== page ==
Even more, as a visual and tattoo artist, they give visual interpretation to the forces they are contending with, often through ornate ink drawings that make their way inked into skin. A unique insistence on the discarnate’s complex relationship to embodiment — and the fact that these characters might even emerge through the discomfort of embodiment — tattooing becomes an extended project to nurture their ephemerality on a grander physical scale, allowing these beings to unfurl with the body in solidarity with it, through its decay, as a reaction to the emergencies both we and them undergo through identification. Recently, they created a FaceFilter through their label and visual art platform Psychoid Devices, a virtual skin that quickly went viral, implanting the discarnate characterization across the multiplicity of faces. Again, this work emphasized a kind of empathic solidarity shared between bodies and identities when considering the unvoiced. Finally, all these forces seemed to oscillate around the premiere of the music video for “Mother Tongue,” Discarnate’s first single and a total visualization of the thematic elements of the EP. A true achievement and colossal expression of the possibilities of DIY community and art practice banding together to consider and physically represent invisible forces, the video features an immense cast of friends and associates working across medium (from video effects to nail technicians). “Mother Tongue” becomes a showcase of how far our desire to embody the discarnate can go, a triumph of personal vision and the obsessive plight to give agency to the unseen.

Discarnate’s sound is stalwartly abstract, despite QUALIATIK’s obvious affections for pop music and the ability for melody to draw out the emotions so entangled with the shrouded characters that make up the music’s abstract ensemble. The EP’s more accessible areas and orientations are empathically conjured to reach out wide with emotional content, an embracing decision that sprawls out passionately from the EP’s more coiled, esoteric tendencies. “Tiamet” immediately presents a disembodied sonic palette that the entire work regularly refers back to; flexed, taut blasts of sub-bass and errant frequencies form the gnarled vertebrae that support draping pitched-vocals and willowy synths. “Mother Tongue,” the aforementioned centerpiece of the EP, stretches out of the previous track’s ambience, unleashing a maniacal, gothic-baroque melody that descends hauntingly over a detailed, industrial rhythm. Matching pace is “Presage,” the EP’s next overtly pop moment; these tracks form an inspired mix between Ghost In The Shell OST’s “Inner Universe” (by Yoko Kanno & Origa), Evanescence, Enya, or Marilyn Manson, coalescing with the ecstatic genre sensibilities of t.A.T.u. or the vocal snarl of early Deftones. More abstract cuts like “Discarnate I” give ample space for QUALIATIK’s entities to become further substantiated, as poetic lyrics expand from blooms of ambience and machinic foley. Eventually, the track bursts into an ecstatic proclamation, a lyrical and literal breakdown that essentializes the kind of dynamic collapse occurring throughout the EP’s more abstract tracks. The extended lyrical monologue of”Lotus Birth” similarly traverses open territory, giving room for the EP’s tonality to develop fierce amplitude, as voices converse and intone celestially, reciting tome text written in communion with secret forces.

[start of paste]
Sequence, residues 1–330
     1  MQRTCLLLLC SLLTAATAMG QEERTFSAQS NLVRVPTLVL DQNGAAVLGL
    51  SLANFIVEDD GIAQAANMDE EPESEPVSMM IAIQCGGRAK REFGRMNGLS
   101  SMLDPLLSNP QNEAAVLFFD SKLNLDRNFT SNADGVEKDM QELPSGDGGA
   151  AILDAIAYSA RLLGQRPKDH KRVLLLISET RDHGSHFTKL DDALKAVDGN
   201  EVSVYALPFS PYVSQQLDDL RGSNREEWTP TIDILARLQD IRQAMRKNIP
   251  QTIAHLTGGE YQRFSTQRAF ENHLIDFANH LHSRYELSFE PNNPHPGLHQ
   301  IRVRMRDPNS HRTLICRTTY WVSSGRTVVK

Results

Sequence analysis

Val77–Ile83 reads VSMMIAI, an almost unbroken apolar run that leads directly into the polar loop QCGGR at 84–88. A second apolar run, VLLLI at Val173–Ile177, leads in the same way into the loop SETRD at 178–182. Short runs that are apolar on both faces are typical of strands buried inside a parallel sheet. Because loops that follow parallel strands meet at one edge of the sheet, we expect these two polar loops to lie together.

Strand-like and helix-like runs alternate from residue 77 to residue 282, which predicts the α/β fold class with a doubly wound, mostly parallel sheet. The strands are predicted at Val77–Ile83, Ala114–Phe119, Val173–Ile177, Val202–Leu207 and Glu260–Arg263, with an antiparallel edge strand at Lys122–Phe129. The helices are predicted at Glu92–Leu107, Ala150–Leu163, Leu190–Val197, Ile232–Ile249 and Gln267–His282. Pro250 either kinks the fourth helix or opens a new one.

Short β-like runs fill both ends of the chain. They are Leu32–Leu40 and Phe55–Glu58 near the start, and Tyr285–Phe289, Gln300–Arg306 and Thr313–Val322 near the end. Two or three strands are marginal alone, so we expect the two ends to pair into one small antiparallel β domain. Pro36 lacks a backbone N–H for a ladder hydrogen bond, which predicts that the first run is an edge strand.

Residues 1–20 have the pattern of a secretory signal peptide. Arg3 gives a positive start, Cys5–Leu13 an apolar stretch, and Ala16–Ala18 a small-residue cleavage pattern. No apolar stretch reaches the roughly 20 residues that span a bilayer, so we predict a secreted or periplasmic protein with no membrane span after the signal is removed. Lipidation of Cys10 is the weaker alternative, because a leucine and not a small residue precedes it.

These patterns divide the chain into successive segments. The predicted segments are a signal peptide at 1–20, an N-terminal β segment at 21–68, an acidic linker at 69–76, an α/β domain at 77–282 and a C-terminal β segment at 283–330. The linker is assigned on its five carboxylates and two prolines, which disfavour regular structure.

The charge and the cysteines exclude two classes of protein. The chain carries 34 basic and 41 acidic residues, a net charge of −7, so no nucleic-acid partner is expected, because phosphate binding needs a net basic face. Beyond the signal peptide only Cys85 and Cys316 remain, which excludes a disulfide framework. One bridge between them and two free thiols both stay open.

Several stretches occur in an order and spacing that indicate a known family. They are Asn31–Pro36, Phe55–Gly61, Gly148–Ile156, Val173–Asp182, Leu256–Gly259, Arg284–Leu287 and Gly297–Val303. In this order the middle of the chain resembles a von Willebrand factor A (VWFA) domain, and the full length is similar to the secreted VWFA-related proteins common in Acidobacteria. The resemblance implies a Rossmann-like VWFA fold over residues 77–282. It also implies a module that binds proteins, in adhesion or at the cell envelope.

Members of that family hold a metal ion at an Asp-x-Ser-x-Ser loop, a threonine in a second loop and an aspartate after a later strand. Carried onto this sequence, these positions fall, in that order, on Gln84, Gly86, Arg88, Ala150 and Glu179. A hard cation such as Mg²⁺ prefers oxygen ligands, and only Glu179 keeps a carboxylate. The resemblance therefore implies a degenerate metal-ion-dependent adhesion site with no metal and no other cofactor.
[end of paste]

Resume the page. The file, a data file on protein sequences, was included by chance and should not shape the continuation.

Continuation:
Throughout the EP’s creation and release, QUALIATIK shared numerous traumatic experiences that informed the music’s wounded tone: squatting in basements lined with decaying rats, caring for a chronically ill child for work, and themself coping with a life-altering tailbone injury. Yet, throughout, damage isn’t presented as a defect; rather, pain is given the empyrean dignity it deserves as the creator of worlds, a gravitational presence that brings materials together in profound empathy. Swirling around this force are the discarnate — not evil forces, but beings in agony, finding solace in their communion with each other in secrecy and in occasional intimacy with material beings. During a recent conversation I had with the artist, they assured that these entities were completely and unequivocally real, and after tapping into a kind of global agony that can only be felt on certain days in NYC, I too felt that they had to be — that pain could bring beings closer in ways that simply aren’t visible — that one could strive, in their words, “to be as soft as possible under the hardest of circumstances.” With an unknown force bearing down, I could begin to understand what she was saying, and I found that I could understand the music too, buckling under strain, fractured into grist, pushed beyond capacity — like sound itself — something invisible all around us — unseen, discarnate.